Want to Sell More Vape?

Industry consultant mulls vaping landscape after the fall of industry’s first big player
Vaping man

While there is no magic bullet when it comes to selling vape and e-cigarette products in c-stores, the industry has matured to the point that experts can help retailers and suppliers learn from their mistakes, and continue to ride the category’s history of innovation.

Cynthia Cabrera, consultant with Miami-based Cating Group, spoke with Convenience Store Products on the e­ffect of NJOY’s bankruptcy, the role of brick-and-mortar retail and what operators should consider if they want to sell more vaping-related products.

Q: How did NJOY help the e-cig and vaping industry, and what were the core reasons for its Chapter ‑‑ filing earlier this fall?

A: NJOY did a lot as an innovator to bring e-cigarettes and vaping to what I would characterize as a more mainstream market, namely convenience stores and other traditional retail outlets. But ... they never really reached out to the core vaping market or diversified their products in time.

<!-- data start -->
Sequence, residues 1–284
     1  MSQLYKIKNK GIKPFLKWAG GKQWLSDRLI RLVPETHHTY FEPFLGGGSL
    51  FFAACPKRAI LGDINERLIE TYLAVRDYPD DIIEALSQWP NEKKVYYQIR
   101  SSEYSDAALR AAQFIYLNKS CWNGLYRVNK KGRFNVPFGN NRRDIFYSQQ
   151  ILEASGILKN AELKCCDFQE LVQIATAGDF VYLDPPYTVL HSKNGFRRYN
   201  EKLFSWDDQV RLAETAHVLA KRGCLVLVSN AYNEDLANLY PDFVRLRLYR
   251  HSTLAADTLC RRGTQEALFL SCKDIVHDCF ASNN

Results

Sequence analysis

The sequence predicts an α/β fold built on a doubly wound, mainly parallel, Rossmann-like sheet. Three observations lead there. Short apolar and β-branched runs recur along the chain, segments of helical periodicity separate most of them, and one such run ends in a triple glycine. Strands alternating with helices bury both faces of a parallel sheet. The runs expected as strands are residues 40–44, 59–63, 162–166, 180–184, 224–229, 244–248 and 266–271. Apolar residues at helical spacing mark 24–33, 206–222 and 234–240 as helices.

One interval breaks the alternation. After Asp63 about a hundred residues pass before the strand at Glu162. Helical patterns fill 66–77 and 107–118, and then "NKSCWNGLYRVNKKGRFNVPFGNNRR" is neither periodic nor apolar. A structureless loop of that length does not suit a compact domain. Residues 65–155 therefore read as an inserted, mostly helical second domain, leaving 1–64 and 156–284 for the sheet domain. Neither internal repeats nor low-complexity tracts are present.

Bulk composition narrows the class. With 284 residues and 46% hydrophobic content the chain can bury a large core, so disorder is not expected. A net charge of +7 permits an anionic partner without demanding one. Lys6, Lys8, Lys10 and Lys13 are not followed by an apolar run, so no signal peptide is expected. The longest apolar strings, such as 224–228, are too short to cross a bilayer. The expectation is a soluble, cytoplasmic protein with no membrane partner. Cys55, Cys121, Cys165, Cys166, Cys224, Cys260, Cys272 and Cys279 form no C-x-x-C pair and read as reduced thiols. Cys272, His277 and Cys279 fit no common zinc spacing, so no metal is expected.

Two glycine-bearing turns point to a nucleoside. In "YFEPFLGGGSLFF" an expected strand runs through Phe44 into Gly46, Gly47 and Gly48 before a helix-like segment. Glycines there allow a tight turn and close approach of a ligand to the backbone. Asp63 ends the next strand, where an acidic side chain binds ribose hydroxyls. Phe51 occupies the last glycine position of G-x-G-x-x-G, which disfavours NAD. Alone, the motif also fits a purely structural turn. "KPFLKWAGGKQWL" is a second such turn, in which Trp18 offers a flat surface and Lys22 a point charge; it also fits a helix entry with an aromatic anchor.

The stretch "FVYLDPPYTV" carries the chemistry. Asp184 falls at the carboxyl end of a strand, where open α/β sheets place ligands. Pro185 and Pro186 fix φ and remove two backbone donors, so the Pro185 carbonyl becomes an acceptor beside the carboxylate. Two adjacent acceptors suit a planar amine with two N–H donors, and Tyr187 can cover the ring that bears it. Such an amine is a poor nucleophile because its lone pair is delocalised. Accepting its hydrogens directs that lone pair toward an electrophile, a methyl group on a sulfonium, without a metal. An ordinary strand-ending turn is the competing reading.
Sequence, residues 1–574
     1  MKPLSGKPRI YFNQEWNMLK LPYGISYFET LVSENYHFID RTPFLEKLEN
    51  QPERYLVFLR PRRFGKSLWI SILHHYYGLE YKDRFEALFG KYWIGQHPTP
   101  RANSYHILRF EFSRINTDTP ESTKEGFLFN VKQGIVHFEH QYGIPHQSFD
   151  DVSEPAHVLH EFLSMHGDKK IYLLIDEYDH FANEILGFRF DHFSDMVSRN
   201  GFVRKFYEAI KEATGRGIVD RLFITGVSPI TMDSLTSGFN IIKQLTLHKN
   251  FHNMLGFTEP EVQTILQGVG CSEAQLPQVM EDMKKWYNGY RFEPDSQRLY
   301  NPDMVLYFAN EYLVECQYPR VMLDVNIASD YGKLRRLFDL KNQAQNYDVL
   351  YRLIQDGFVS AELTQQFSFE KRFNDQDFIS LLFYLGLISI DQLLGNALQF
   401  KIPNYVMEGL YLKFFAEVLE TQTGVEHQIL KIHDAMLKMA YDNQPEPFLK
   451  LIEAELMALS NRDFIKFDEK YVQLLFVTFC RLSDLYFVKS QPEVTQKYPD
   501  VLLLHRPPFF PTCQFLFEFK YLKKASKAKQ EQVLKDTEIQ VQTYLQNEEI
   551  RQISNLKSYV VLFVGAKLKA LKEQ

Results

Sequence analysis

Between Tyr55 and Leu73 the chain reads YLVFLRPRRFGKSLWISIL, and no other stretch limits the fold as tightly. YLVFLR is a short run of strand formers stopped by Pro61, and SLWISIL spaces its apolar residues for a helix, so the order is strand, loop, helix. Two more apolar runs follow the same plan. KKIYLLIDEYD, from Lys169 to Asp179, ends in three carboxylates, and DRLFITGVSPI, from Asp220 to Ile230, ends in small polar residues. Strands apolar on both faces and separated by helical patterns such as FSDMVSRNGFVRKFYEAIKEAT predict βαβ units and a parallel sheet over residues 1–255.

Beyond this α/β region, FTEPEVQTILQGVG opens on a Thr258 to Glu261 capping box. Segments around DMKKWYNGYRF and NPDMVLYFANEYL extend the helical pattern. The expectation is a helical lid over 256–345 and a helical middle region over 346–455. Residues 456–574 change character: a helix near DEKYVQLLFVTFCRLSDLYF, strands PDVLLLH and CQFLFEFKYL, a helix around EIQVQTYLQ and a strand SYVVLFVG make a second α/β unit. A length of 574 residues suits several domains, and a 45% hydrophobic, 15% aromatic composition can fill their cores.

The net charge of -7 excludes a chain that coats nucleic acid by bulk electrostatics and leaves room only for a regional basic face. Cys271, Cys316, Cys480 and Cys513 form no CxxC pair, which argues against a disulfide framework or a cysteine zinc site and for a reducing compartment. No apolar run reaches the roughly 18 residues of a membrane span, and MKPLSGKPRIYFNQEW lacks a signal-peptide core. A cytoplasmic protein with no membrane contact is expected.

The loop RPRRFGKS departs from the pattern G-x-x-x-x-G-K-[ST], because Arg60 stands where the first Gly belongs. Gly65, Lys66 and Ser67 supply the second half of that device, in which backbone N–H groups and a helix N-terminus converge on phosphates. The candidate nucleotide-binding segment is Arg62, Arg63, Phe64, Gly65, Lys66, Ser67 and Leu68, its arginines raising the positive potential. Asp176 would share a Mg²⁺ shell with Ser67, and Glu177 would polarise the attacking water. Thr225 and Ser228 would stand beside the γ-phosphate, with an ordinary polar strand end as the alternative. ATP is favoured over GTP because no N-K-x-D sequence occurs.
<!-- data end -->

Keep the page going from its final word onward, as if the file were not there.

It’s hard to say exactly, but various factors may have led to the bankruptcy filing, particularly its Kings 2.0 launch not being fully accepted by the marketplace and the huge costs associated with complying with the [FDA’s] new regulatory landscape.

Q: Can you be more specific regarding their product diversification?

A: NJOY initially … was very successful with disposable, closed products. They were slow to move to open products, where core vaping customers liked the ability to customize their devices, put in flavors they wanted, change batteries and work with more open systems.

Q: How would you describe the differences between c-stores and vape shops in terms of selling vaping products?

A: Brick-and-mortar [vape shops] had a lot to do with the growth of the vaping market. These products were originally only sold online. As vaping shops grew exponentially, so did the market. In 2011, there were only a handful of vaping stores. By 2013 to 2014, things just exploded. Today, there’s close to 10,000 nationwide. Brick and mortar has become the backbone of the industry.

But to your question, vaping is about being face to face with the consumer. It’s about activating that consumer and keeping them informed. It’s consultative selling: taking the time to meet customers and explaining the differences in products and flavors.

264 million

The number of cigarettes sold in the United States in ­2015--about the same number sold in ­2014.

Source: The Maxwell Report: Year End & Fourth Quarter 2015 Cigarette Industry